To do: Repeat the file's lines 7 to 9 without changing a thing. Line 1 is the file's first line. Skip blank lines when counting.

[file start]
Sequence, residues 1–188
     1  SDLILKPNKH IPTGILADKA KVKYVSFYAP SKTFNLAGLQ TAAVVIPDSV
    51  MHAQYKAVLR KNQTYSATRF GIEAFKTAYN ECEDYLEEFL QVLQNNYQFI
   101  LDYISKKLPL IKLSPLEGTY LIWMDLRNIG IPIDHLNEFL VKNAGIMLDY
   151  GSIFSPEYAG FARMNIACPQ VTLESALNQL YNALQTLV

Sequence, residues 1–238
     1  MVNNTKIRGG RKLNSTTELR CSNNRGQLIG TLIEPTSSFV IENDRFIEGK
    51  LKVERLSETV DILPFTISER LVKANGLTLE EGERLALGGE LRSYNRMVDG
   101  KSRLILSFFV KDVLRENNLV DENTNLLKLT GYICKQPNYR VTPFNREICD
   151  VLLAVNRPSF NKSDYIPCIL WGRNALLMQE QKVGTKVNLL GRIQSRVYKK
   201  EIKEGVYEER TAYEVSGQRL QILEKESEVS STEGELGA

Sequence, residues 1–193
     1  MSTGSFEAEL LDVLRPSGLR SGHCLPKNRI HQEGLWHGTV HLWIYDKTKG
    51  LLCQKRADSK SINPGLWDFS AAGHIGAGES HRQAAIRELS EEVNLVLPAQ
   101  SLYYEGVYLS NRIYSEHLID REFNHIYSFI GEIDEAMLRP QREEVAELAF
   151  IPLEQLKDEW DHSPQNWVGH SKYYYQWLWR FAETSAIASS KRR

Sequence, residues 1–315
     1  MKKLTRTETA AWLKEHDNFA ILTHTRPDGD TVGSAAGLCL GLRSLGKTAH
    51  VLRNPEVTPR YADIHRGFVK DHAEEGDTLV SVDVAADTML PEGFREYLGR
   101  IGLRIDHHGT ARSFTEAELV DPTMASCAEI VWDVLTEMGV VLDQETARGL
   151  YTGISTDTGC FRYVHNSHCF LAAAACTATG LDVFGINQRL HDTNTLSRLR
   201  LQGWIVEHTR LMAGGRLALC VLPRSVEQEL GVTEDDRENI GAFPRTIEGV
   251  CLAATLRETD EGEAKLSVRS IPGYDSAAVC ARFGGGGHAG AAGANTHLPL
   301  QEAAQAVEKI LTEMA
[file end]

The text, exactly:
     1  MVNNTKIRGG RKLNSTTELR CSNNRGQLIG TLIEPTSSFV IENDRFIEGK
    51  LKVERLSETV DILPFTISER LVKANGLTLE EGERLALGGE LRSYNRMVDG
   101  KSRLILSFFV KDVLRENNLV DENTNLLKLT GYICKQPNYR VTPFNREICD